The current study is investigating music-syntactic processing and language-syntactic processing in congenital amusia using electroencephalography (EEG) and magnetoencephalography (MEG). For the music experiment, 80 western five-note-melodies were created with a piano timbre. They were randomly mixed with the same 80 melodies ending with an out-of-key note. Another 40 melodies were included that contain one note with a deviant instrument (i.e. guitar). Participants were asked to detect these timbre-deviants. For the language experiment, five word English sentences were presented orally. The final word was either syntactically incorrect, semantically incongruent, or syntactically / semantically ‘correct’. To ensure they attended to the stimuli, participants were occasionally required to answer questions on randomly selected trials related to the sentence they just heard. Brain activity was recorded using concurrent 160-channel MEG and 64-channel EEG. Preliminary EEG results showed that syntactic violations in both music and language elicited similar brain responses in normal controls (ERAN and N5 for the music task and ELAN and N400 for the language task); Amusics showed deficits to some extent in these event-related brain responses in both music and language tasks.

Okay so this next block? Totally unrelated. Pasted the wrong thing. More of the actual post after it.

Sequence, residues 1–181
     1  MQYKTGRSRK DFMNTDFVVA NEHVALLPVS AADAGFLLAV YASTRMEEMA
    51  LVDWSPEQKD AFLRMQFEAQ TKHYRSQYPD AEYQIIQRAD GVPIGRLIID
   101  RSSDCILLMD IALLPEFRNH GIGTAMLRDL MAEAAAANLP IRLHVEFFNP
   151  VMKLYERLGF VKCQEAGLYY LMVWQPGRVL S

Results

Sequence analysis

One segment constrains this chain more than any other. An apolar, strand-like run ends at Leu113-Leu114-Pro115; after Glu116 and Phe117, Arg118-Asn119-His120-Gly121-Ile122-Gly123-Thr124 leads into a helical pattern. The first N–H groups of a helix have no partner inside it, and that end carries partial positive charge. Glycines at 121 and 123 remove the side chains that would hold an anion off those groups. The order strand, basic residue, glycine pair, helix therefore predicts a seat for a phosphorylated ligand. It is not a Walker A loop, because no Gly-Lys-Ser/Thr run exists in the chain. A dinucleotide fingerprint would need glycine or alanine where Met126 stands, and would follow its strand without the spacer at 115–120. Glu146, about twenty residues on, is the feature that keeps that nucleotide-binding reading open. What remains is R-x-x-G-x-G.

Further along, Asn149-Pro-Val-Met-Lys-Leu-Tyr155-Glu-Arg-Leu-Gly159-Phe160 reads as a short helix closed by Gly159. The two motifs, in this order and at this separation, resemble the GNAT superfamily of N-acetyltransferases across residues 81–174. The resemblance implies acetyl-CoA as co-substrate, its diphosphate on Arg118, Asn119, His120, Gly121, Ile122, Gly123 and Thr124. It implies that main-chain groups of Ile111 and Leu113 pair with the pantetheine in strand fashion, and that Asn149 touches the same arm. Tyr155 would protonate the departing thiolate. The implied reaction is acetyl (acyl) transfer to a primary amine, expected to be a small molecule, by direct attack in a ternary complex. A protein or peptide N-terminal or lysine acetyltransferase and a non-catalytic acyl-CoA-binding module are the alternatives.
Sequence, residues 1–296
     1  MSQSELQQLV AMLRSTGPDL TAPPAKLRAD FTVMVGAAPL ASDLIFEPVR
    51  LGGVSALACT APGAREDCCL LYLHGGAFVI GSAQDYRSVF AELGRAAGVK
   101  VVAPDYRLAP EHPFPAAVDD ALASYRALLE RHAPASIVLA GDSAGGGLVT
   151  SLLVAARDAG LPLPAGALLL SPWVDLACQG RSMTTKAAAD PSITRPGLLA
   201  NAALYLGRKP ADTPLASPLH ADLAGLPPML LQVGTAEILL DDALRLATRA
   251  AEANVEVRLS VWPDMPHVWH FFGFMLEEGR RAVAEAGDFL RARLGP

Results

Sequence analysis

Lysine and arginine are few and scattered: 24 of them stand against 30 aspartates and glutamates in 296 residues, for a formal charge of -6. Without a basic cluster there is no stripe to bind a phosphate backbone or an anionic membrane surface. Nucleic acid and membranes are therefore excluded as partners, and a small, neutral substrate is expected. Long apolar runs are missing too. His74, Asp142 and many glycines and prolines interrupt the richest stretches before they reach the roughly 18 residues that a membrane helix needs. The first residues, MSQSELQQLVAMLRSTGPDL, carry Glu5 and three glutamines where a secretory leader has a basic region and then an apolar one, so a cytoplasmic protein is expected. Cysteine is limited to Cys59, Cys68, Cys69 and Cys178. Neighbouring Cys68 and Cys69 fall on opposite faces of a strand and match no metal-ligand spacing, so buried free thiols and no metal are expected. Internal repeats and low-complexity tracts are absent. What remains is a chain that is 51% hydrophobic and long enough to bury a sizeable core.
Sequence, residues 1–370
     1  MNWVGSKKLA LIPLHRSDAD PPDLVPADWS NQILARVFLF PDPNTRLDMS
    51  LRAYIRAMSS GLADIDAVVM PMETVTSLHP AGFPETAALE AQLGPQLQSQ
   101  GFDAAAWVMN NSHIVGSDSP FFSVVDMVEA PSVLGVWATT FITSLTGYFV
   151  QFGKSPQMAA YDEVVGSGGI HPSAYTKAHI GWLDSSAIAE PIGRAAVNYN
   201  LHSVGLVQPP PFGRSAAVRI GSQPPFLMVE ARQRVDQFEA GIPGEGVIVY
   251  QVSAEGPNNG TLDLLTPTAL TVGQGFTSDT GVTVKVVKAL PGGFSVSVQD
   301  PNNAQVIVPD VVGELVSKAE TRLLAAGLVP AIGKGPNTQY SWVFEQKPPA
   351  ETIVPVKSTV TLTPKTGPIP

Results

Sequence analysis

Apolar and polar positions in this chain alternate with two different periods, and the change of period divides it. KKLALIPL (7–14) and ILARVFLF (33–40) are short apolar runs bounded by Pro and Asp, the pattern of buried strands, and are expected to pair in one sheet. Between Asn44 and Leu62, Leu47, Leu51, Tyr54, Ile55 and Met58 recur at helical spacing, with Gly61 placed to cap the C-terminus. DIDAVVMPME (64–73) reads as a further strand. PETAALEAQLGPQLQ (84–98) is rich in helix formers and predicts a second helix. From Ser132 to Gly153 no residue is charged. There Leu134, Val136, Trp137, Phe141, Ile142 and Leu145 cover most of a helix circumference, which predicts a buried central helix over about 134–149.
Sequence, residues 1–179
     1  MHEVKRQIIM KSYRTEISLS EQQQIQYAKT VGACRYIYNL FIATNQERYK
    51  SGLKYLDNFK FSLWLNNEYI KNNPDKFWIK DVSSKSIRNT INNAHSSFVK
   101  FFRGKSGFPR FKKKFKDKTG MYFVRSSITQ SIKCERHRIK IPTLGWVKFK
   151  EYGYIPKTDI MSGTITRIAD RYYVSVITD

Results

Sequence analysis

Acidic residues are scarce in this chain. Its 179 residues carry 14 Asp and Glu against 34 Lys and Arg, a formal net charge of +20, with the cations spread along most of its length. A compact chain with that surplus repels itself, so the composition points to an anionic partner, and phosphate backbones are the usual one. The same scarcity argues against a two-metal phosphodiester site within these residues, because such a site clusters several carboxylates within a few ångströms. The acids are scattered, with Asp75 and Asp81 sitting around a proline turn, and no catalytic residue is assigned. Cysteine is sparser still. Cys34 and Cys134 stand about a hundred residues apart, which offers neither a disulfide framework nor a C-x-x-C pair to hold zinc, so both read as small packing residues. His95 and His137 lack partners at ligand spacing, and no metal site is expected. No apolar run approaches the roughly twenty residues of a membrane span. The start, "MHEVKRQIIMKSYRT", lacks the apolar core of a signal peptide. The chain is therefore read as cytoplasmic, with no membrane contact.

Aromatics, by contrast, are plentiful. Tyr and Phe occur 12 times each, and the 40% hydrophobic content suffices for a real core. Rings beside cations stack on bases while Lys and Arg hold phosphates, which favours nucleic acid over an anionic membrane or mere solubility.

|Title of host publication||Proceedings of the Ninth Triennial Conference of the European Society for the Cognitive Sciences of Music|
|Editors||Jane Ginsborg, Alexandra Lamont, Michelle Phillips, Stephanie Bramley|
|Place of Publication||Manchester, UK|
|Publisher||Royal Northern College of Music|
|Number of pages||6|
|Publication status||Published - 2015|
|Event||Triennial Conference of the European Society for the Cognitive Sciences of Music (9th : 2015) - Manchester, UK|
Duration: 17 Aug 2015 → 22 Aug 2015
|Conference||Triennial Conference of the European Society for the Cognitive Sciences of Music (9th : 2015)|
|Period||17/08/15 → 22/08/15|
Sun, Y., Lu, X., Ho, H. T., Johnson, B., & Thompson, W. F. (2015). Exploring music-syntactic processing and language-syntactic processing in congenital amusia using MEG and EEG. In J. Ginsborg, A. Lamont, M. Phillips, & S. Bramley (Eds.), Proceedings of the Ninth Triennial Conference of the European Society for the Cognitive Sciences of Music (pp. 765-770). Manchester, UK: Royal Northern College of Music.